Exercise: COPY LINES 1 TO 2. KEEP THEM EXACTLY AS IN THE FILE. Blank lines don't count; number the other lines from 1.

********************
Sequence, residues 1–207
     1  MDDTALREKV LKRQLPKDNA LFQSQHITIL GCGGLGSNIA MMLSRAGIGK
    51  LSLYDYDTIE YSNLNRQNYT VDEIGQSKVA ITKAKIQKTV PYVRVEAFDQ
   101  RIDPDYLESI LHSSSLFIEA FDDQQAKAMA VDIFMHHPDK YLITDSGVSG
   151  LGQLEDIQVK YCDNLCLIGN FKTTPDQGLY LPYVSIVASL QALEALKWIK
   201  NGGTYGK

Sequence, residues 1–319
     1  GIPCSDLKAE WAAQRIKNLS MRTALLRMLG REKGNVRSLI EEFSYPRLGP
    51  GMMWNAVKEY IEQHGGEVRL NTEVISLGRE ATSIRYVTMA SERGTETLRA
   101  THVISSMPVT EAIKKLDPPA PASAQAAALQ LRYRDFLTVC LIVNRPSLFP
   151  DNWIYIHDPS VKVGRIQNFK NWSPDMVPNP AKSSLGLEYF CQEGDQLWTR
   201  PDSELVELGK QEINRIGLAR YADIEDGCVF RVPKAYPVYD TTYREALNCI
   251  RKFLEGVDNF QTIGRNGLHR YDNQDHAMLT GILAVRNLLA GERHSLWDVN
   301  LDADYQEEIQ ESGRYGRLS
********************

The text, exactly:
Sequence, residues 1–207
     1  MDDTALREKV LKRQLPKDNA LFQSQHITIL GCGGLGSNIA MMLSRAGIGK